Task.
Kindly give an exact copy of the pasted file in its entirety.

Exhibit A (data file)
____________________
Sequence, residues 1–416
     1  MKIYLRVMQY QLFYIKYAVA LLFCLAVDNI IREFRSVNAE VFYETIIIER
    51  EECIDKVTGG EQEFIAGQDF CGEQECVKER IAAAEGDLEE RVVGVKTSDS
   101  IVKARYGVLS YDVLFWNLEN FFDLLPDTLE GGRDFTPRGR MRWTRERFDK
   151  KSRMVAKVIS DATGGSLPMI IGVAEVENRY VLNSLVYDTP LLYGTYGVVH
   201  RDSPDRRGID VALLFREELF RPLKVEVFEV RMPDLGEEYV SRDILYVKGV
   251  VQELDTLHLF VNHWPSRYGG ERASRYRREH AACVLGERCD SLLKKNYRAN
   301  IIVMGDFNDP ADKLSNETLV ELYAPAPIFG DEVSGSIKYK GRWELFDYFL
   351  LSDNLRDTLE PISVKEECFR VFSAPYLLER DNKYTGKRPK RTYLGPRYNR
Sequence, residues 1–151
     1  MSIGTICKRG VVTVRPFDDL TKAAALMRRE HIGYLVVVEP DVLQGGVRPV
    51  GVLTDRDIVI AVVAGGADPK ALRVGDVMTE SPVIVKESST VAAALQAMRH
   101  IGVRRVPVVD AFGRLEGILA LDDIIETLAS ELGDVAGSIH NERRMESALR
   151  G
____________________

Sequence, residues 1–416
     1  MKIYLRVMQY QLFYIKYAVA LLFCLAVDNI IREFRSVNAE VFYETIIIER
    51  EECIDKVTGG EQEFIAGQDF CGEQECVKER IAAAEGDLEE RVVGVKTSDS
   101  IVKARYGVLS YDVLFWNLEN FFDLLPDTLE GGRDFTPRGR MRWTRERFDK
   151  KSRMVAKVIS DATGGSLPMI IGVAEVENRY VLNSLVYDTP LLYGTYGVVH
   201  RDSPDRRGID VALLFREELF RPLKVEVFEV RMPDLGEEYV SRDILYVKGV
   251  VQELDTLHLF VNHWPSRYGG ERASRYRREH AACVLGERCD SLLKKNYRAN
   301  IIVMGDFNDP ADKLSNETLV ELYAPAPIFG DEVSGSIKYK GRWELFDYFL
   351  LSDNLRDTLE PISVKEECFR VFSAPYLLER DNKYTGKRPK RTYLGPRYNR
Sequence, residues 1–151
     1  MSIGTICKRG VVTVRPFDDL TKAAALMRRE HIGYLVVVEP DVLQGGVRPV
    51  GVLTDRDIVI AVVAGGADPK ALRVGDVMTE SPVIVKESST VAAALQAMRH
   101  IGVRRVPVVD AFGRLEGILA LDDIIETLAS ELGDVAGSIH NERRMESALR
   151  G